Many petroleum wells produce only a small quantity of petroleum. By way of example, some petroleum wells produce only 100 to 200 barrels of petroleum per day. For electric motor-driven centrifugal pumps used in downhole locations, this flow rate results in specific speeds that are far below optimum. The motor speed being constant, the only variable that can be adjusted is head to maintain adequate specific speeds. But dropping the head requires a reduction in the diameter of the impeller, which is undesirable, and an increase in the number of required stages, which is also undesirable. Diameter reduction reduces the startup head capacity available and eliminates standardization of pump stage units.
Downhole centrifugal pumps cannot practically be made axially short to restrict channel capacity to match low flow rates. The spacing between the pump's impeller and casing must reduce as the size of the pumps drops. The required spacing in small pumps is too difficult to meet on a production basis. Furthermore, resultant vane length attending a design with low flow rates becomes too long, and friction losses increase as a result. Very significant percentage increases in disc friction or windage with respect to power befalls too great a centrifugal stage size reduction. Circulation loss between the discharge and inlet also increases and is a factor.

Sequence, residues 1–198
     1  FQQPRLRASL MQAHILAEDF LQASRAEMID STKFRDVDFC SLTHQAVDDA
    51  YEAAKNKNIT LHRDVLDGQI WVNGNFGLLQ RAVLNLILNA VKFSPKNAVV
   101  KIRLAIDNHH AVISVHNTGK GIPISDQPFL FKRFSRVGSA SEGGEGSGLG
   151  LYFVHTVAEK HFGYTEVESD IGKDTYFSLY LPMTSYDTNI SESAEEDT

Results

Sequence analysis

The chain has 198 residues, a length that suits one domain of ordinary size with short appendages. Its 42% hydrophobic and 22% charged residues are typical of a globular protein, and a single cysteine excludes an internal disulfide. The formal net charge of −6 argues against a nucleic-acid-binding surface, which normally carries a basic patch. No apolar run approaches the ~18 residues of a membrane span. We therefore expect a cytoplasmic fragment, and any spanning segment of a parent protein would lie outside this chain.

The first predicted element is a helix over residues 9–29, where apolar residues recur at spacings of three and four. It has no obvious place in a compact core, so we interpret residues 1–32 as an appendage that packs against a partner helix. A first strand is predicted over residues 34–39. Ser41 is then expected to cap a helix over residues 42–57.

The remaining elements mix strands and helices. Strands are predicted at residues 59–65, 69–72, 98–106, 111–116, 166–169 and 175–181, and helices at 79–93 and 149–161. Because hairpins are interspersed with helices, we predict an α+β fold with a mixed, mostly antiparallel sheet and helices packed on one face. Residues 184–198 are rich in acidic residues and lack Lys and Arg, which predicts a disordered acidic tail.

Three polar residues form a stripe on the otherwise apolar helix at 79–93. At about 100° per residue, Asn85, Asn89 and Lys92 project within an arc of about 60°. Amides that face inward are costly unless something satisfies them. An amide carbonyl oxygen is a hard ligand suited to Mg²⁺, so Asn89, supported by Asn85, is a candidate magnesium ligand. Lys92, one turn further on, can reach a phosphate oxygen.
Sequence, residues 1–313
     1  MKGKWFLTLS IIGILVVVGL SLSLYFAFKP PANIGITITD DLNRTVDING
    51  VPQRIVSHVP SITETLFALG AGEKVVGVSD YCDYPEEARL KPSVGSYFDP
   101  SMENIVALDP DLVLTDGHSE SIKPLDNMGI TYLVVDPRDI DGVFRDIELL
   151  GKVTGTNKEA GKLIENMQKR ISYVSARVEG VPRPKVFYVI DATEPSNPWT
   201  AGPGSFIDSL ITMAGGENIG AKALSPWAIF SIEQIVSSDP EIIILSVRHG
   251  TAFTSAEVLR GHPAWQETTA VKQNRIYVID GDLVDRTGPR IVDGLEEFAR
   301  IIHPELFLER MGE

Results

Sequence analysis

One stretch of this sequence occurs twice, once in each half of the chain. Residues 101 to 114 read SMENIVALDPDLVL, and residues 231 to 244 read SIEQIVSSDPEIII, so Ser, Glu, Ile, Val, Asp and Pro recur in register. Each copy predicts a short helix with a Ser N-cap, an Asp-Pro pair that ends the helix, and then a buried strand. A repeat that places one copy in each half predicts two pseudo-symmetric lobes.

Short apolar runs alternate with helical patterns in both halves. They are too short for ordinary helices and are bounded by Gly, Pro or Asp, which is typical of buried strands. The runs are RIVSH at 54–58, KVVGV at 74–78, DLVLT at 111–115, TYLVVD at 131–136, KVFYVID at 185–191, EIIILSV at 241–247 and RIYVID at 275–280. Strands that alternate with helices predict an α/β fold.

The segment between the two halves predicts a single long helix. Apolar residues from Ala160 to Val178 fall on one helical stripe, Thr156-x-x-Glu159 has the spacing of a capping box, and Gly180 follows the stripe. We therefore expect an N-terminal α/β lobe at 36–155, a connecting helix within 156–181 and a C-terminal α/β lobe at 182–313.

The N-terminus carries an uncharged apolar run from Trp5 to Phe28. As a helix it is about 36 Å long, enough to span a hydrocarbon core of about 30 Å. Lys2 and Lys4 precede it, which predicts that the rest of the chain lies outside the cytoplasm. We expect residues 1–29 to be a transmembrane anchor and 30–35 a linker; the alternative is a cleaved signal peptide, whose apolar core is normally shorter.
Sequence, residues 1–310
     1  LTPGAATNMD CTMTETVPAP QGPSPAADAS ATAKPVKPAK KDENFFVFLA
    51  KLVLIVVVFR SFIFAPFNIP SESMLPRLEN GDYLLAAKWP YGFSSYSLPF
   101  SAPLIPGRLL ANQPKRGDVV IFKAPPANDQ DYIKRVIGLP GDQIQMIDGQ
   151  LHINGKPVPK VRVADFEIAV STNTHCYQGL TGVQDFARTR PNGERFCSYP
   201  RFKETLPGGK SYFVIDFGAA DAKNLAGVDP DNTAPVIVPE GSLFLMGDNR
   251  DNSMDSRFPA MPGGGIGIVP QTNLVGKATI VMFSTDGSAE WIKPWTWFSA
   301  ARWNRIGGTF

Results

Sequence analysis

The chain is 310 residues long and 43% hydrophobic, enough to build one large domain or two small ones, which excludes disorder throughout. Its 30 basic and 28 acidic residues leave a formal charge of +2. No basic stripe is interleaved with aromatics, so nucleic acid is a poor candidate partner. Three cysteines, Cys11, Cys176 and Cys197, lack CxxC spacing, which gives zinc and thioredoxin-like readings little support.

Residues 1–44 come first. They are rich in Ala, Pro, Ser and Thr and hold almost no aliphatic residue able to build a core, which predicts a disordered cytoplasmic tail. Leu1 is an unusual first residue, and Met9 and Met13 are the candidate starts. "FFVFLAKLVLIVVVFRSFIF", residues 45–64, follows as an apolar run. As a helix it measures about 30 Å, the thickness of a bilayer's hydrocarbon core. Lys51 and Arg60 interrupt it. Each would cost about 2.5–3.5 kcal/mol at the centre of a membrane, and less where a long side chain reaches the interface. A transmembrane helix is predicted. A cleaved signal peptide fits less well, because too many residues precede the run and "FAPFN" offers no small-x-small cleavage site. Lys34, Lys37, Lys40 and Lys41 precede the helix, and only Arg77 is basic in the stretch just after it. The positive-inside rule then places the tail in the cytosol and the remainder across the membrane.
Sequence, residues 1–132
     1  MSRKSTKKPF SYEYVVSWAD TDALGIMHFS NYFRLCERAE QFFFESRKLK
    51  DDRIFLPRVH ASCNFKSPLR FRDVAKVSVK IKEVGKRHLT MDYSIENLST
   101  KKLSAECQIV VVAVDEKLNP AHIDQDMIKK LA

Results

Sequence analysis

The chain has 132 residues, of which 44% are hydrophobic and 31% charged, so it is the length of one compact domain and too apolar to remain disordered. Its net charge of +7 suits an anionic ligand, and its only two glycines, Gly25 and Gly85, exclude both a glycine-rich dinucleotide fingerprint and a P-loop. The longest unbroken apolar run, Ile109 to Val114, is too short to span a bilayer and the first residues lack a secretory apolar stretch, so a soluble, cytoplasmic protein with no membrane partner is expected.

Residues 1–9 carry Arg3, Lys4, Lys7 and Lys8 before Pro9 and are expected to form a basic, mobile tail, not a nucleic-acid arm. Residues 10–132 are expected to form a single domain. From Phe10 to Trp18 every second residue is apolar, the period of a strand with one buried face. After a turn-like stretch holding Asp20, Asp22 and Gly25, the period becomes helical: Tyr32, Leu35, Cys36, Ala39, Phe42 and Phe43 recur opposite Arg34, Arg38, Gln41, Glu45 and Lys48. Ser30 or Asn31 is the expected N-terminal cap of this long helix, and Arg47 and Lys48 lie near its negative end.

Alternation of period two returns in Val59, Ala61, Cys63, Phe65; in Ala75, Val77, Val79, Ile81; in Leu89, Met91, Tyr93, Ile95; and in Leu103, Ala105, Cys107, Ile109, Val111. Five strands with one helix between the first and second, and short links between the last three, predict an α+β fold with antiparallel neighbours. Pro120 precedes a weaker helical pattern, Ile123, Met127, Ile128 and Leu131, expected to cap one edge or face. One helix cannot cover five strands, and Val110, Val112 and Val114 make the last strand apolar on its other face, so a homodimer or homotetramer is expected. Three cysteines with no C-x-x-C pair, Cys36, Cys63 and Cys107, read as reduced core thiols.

These factors result in the impracticality of very low flow rates in centrifugal pumps.
Centrifugal pumps operate efficiently and reliably when the flow rate of the pumps is on the order of 600 barrels per day. When the petroleum well flows on the order of 150 barrels per day, efficient and reliable operation of the submersible electrically powered centrifugal pumps becomes impossible.
Unless such pumps operate within their design range, a substantial risk of motor failure exists. Motor failure not only shuts down a well, but requires considerable time and effort to remedy. The requirement of pulling a pump from a well hundreds or thousands of feet deep illustrates this. With the pump operating at low efficiency, a risk that no pumping at all will occur exists. When this happens and no fluid passes through the pump, motor failure from heating can occur.